Second, Glocks have always been more than accurate enough for defensive work, and the main impediment to Glocks being more mechanically accurate isn’t the rifling but rather the barrel fit. Its practical accuracy is hindered by its trigger pull. What I mean by this is that unless you’re locking your pistol in a Ransom Rest before firing, a heavy trigger pull will make precise shooting difficult if not nearly impossible for most people.
Glock has always advertised a trigger pull in the neighborhood of 5.5 pounds. That’s never been true, and it’s not just me saying this. An acquaintance of mine is the firearms training officer on one of the largest urban police departments in the country, and he has to make sure the trigger pulls on the officers’ duty Glocks meet the minimum five-pound trigger pull of the department. Of the first 200 Gen 3 and 4 Glocks he tested, he didn’t find a single pistol with a trigger pull under seven pounds.
If you dig down into the company’s website, you’ll see the trigger pulls for the new Gen 5 G17 and G19 are listed at 26 Newtons (Newtons, seriously?), which works out to 5.85 pounds. The trigger pulls on the Gen 5 Glocks I’ve tested have been sharper and crisper than previous generations, and in fact, they are actually lighter. The trigger pull on my sample was six pounds even, which is the lightest trigger pull I’ve ever tested on a Glock equipped with the standard connector. Other Gen 5 samples I’ve shot have provided similar results. So it appears Glock triggers are finally coming in at the advertised weight. They’re still heavier than I would like, but baby steps.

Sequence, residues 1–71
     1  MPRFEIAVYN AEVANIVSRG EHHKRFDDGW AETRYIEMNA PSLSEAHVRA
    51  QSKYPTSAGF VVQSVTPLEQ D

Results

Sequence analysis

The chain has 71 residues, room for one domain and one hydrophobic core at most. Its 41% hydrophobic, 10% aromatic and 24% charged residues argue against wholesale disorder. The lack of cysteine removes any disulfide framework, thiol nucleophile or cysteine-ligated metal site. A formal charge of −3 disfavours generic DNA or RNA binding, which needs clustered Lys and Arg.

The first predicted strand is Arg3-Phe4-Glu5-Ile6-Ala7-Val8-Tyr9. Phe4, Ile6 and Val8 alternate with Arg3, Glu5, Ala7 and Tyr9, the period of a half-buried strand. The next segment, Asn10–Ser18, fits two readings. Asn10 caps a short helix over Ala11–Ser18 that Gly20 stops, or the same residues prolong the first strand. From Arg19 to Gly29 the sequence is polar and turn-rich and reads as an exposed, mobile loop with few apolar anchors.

While there are a lot of internal changes, you’ll notice none of them affect the bullet feeding or ejection cycle. Reliability with the Gen 5 Glocks should be unchanged from previous generations, and I never had a problem with this test gun no matter what I fed it. I’ve read that the mean rounds between stoppage figure with the Gen 5 Glocks is 11,000.
The Gen 5 pistols are still so new I’ve had a little conflicting info coming out of Glock. A Glock employee told me the Gen 5 design was going to replace the Gen 4 models, but another Glock employee at a different venue said the Gen 5 guns were only ever going to be available in 9mm, and Glock makes Gen 4 pistols in a lot of calibers other than 9mm. I was unable to get clarification on that before my deadline. Glock still plans on producing the Gen 3 guns as newer generations are not and likely never will be authorized for sale in California.
In my opinion, there is nothing to recommend a Gen 3 Glock over a Gen 4. When I first read a brief description of the Gen 5 changes, I didn’t think there was anything there to recommend the new pistols over a Gen 3 gun. But after evaluating them, I’ve changed my mind.
If you intend to personalize and upgrade with aftermarket parts whatever Glock you buy, the Gen 5 isn’t for you, as it will be quite some time before there will be any aftermarket parts that fit these new guns. Buy a Gen 3 Glock instead. If, however, you just want to buy a Glock that is ready to go right out of the box, the Gen 5 with its improved trigger pull, integral mag well, and AmeriGlo Bold sights is the closest thing to perfection Glock has ever made.
GLOCK GEN 5 G19
TYPE: striker-fired semiauto
BARREL: 4.02 in.
OAL/HEIGHT/WIDTH: 6.9/5.0/1.3 in.
WEIGHT: 21.8 oz. (no mag)
SIGHTS: AmeriGlo Bold tritium, orange front
TRIGGER PULL: 6 lb. (measured)
SAFETY: trigger lever, striker drop
MANUFACTURER: Glock, us.glock.com